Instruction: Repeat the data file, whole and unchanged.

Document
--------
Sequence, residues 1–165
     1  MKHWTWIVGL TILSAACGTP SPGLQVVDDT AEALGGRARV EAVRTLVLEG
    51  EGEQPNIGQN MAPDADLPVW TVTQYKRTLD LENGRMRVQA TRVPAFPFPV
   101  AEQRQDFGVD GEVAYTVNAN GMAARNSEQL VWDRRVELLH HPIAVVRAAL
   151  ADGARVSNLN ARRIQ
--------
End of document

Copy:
Sequence, residues 1–165
     1  MKHWTWIVGL TILSAACGTP SPGLQVVDDT AEALGGRARV EAVRTLVLEG
    51  EGEQPNIGQN MAPDADLPVW TVTQYKRTLD LENGRMRVQA TRVPAFPFPV
   101  AEQRQDFGVD GEVAYTVNAN GMAARNSEQL VWDRRVELLH HPIAVVRAAL
   151  ADGARVSNLN ARRIQ